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Chaplain: ‘In those days’

In those days Caesar Augustus issued a decree that a census should be taken of the entire Roman world. (Luke 2:1, NIV).

By Allen Teal, Rolla Presbyterian Manor chaplain

Luke, the writer of the third account of the life of Christ, used a phrase that is still familiar today to introduce the birth of Jesus—“In those days.” While Luke only intended to tell us that around the same time that angels announced two miraculous births, the emperor called for a census. However, a greater message is delivered by these three simple words. 

“Those days” were bringing about a new day. 

Those were the days when the calendar was being divided to make room for the birth of a savior. Those days marked the winding down of the Old Testament law so a new day of grace could emerge. It was a transition from the thundering violence of Mount Sinai to the time when faith in Jesus Christ would become the pathway to salvation. 

“Those days” marked the opening of the curtain covering God’s Mercy Seat. 

The curtain in the temple hiding the Mercy Seat will not be ripped apart for three decades. The events surrounding the birth of Christ are a prologue to a new hope and a new life. In Christ, the invisible God is revealed to all people. Shipwrecked lives can be made new by participating in the mercy of God. “Let us then approach God's throne of grace with confidence, so that we may receive mercy and find grace to help us in our time of need.” (Hebrews 4:16, NIV).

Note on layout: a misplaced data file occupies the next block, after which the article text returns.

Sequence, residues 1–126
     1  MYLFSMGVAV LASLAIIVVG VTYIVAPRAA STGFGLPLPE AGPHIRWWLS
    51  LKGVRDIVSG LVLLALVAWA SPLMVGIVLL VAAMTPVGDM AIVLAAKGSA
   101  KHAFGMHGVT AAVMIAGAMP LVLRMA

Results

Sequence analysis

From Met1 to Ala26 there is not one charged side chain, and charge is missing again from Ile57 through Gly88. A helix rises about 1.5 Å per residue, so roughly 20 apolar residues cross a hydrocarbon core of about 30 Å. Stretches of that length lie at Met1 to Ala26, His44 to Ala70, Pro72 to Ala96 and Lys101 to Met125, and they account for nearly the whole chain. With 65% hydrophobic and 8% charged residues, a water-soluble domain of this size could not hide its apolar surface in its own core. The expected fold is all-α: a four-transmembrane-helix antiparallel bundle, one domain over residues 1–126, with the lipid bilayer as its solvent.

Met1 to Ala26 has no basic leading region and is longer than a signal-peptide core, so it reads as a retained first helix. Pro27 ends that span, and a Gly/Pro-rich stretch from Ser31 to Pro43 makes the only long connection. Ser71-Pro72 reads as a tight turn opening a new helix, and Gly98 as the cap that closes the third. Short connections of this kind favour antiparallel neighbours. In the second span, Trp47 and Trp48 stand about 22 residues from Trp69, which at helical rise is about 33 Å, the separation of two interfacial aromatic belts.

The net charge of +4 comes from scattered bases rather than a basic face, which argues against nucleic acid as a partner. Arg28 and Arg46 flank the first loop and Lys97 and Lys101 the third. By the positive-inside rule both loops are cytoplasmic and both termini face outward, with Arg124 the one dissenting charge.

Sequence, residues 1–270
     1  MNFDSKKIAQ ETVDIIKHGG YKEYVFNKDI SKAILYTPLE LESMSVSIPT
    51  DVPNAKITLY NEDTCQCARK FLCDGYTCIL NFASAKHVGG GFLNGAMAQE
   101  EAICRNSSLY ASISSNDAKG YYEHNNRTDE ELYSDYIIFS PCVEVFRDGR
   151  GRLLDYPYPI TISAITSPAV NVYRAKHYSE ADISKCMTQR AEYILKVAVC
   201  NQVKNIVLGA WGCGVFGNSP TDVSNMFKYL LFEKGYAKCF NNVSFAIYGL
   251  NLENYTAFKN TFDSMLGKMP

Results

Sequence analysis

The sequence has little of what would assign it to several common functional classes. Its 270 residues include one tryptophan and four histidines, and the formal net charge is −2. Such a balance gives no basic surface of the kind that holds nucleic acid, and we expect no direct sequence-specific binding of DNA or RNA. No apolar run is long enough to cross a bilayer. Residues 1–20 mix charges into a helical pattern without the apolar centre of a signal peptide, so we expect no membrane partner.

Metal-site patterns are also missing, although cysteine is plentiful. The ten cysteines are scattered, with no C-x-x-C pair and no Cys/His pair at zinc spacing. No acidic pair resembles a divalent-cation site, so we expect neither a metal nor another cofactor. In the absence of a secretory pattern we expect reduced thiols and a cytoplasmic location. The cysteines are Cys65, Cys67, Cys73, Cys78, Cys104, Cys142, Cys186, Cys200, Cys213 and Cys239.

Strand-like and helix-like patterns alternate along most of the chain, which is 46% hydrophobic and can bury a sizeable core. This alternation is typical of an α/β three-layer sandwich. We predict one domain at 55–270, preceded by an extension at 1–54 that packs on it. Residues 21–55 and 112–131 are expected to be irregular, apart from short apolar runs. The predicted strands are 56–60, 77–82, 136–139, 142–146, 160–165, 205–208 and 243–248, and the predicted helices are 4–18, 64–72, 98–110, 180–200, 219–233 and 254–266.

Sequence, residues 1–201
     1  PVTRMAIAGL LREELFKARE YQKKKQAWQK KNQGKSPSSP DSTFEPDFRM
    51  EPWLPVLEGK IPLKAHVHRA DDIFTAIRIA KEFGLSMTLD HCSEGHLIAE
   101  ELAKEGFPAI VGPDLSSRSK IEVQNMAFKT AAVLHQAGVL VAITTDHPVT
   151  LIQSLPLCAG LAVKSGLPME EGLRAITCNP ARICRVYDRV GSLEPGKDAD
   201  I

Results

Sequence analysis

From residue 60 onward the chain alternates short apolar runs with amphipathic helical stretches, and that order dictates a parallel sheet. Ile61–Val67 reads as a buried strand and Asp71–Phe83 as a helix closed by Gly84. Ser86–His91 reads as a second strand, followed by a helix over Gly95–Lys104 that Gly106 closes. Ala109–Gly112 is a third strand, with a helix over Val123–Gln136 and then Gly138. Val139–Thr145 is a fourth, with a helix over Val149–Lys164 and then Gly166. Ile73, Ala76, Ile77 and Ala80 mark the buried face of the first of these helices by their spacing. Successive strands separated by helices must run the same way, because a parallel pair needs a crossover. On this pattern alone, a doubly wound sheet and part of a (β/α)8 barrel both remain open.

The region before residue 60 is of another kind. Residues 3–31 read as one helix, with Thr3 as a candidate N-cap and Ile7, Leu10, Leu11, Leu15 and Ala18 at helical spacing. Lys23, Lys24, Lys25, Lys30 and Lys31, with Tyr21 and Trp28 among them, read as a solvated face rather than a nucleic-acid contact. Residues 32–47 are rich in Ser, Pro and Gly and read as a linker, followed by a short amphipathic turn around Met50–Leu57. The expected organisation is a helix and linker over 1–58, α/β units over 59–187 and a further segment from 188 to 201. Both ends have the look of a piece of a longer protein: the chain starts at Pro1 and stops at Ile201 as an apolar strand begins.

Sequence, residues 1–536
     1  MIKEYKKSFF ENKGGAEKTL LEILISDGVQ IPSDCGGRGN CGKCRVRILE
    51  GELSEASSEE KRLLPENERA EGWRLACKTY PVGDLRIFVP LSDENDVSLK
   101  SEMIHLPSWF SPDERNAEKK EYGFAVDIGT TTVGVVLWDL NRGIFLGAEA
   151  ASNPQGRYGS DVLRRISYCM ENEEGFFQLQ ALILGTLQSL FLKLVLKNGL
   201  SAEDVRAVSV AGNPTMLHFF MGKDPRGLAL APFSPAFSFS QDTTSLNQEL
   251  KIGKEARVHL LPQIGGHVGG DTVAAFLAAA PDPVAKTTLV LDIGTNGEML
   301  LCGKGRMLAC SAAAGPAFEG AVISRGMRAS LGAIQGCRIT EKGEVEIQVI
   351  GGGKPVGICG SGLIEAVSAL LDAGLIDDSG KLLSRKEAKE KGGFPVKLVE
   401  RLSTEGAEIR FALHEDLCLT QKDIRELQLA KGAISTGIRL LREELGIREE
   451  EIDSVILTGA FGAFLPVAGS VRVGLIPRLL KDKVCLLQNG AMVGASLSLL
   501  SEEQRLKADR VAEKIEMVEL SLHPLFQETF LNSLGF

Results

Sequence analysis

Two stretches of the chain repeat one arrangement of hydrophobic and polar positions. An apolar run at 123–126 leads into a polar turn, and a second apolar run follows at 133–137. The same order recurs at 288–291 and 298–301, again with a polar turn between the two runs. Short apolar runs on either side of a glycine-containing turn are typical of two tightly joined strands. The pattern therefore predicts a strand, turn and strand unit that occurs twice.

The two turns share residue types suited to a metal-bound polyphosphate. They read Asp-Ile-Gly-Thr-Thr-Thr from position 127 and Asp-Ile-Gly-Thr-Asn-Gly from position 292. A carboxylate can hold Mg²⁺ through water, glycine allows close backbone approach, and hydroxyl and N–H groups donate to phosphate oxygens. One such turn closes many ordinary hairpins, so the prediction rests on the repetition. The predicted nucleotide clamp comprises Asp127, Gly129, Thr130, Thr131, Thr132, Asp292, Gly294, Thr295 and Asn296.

“Those days” opened up a new future. 

Heaven is not very well defined in the Old Testament. Allusions about going to heaven are somewhat muted and scattered. In the New Testament, heaven becomes knowable and attainable. Jesus said, “My Father’s house has many rooms… 3 and if I go and prepare a place for you, I will come back and take you to be with me that you also may be where I am.” (John 14:2-3, NIV). The Christ of Christmas offers a salvation that goes beyond the blessings available in a human lifespan. The Apostle Paul said it like this:  “For I reckon, that the sufferings of this present time, are not worthy to be compared with the glory which shall be revealed in us.” (Romans 8:18, KJV). 

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